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Originally designed in 1966 to allow NASA capture photographs on the far side of the moon, the Carl Zeiss Planar 50mm f/0.7 is one of the fastest lenses (if not THE fastest) ever produced. Only ten copies of the lens were manufactured: Carl Zeiss kept a copy, NASA purchased six, and Director Stanley Kubrick bought three. The Planar 50mm f/0.7 lenses allowed Kubrick to shoot a scene lit only by natural candlelight in his film, Barry Lyndon – a feat that would have otherwise been impossible.

#4. Carl Zeiss Apo Sonnar T* 1700mm f/4: Super Telephoto

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If you were a photographer with seemingly unlimited monetary resources, how would you spend your wealth? How about hiring Carl Zeiss to build you a custom lens? In 2006, Carl Zeiss showcased their massive Apo Sonnar T* 1700mm f/4 lens at Photokina in Germany. The lens was designed for an anonymous “wildlife photography fan” in the State of Qatar. The price is also a mystery, but what we do know is that the lens is made up of 15 elements in 13 groups and was designed for medium format systems.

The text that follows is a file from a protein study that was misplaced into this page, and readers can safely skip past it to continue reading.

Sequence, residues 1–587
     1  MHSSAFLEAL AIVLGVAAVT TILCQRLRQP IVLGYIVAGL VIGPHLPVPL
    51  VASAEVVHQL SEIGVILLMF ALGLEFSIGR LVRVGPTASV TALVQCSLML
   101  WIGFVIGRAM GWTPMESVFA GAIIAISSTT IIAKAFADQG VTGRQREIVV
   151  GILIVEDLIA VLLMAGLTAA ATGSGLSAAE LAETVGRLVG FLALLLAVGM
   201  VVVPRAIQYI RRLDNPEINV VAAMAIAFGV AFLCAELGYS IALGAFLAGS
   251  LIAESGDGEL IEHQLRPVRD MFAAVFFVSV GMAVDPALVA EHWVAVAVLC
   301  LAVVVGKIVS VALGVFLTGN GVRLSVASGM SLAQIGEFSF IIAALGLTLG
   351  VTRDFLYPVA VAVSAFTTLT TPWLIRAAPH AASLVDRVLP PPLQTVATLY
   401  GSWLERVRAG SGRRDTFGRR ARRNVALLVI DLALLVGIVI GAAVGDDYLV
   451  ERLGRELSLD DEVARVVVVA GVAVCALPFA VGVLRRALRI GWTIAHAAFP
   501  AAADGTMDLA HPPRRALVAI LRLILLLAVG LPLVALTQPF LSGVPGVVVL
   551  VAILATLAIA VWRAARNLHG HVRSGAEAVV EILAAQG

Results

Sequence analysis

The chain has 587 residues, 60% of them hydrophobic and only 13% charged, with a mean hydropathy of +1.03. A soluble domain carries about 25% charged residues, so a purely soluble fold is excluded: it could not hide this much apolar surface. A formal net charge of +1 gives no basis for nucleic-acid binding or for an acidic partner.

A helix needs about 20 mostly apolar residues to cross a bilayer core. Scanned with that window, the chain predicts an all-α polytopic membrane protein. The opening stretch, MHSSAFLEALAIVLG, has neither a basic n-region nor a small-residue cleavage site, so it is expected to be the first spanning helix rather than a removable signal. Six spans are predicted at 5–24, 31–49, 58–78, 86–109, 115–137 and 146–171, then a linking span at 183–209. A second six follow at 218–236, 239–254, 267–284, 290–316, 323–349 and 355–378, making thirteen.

#5. Sigma 200-500mm f/2.8: The Sports Beast

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This piece of equipment is not a bazooka, but rather an extremely fast sports lens designed by Sigma. The 200-500mm f/2.8 is one of the fastest sports lenses on the market and includes a 2x teleconverter so you can easily zoom in up to 1000m. Did we mention that it needs its own battery pack for autofocusing? At least it comes with a free case for the $26,000 price tag. There are also some hilarious reviews of the lens on the Interwebs.